Evolutionary psychologists have argued that revenge, apology and forgiveness are moral sentiments that humans acquired to establish and maintain long-term mutually beneficial relationships, especially since misapprehensions, intentional or not, can always occur that could lead to worse outcomes. Their argument assumes an evolutionary advantage to such emotional thinking, for which no explicit model was available. Using the iterated prisoners dilemma as context, we provided analytical and numerical results that show that these three behaviours emerge spontaneously, ensuring lasting cooperation . Concretely our work revealed that apology and forgiveness are efficient even in a very noisy environment. Yet in order for apology to work, it needs to be sufficiently costly as otherwise exploiting the system by defecting and apologising is the most profitable behaviour.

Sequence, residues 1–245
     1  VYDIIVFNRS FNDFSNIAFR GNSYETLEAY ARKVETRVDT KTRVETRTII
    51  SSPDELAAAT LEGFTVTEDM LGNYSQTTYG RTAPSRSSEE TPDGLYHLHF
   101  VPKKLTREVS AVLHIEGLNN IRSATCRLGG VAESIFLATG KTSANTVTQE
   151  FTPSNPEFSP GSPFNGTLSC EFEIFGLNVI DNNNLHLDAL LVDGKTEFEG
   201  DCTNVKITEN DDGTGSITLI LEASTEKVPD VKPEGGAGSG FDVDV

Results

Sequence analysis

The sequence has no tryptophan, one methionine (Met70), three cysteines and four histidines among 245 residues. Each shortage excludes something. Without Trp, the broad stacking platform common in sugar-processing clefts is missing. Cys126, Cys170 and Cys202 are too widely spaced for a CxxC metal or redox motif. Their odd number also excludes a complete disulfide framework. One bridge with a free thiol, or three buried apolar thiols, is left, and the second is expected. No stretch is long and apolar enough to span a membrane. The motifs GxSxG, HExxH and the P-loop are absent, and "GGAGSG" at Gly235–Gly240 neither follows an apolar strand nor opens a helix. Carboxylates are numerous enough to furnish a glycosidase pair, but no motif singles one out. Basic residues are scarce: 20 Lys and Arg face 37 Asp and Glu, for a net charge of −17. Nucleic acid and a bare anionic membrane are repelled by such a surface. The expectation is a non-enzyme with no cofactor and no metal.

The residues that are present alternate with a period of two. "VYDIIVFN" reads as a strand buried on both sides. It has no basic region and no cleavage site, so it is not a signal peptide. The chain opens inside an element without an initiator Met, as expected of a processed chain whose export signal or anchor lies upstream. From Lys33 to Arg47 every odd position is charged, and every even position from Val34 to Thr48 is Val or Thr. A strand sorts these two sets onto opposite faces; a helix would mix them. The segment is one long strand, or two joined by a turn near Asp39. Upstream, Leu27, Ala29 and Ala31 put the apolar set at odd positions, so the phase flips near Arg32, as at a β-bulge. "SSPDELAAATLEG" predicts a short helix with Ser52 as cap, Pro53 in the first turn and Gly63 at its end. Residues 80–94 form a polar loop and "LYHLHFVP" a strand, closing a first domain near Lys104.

|Number of pages||3|
|Publication status||Published - 1 Jan 2017|
|Event||2017 Annual Convention of the Society for the Study of Artificial Intelligence and the Simulation of Behaviour, AISB 2017 - Bath, United Kingdom|
Duration: 18 Apr 2017 → 21 Apr 2017
|Conference||2017 Annual Convention of the Society for the Study of Artificial Intelligence and the Simulation of Behaviour, AISB 2017|
|Period||18/04/17 → 21/04/17|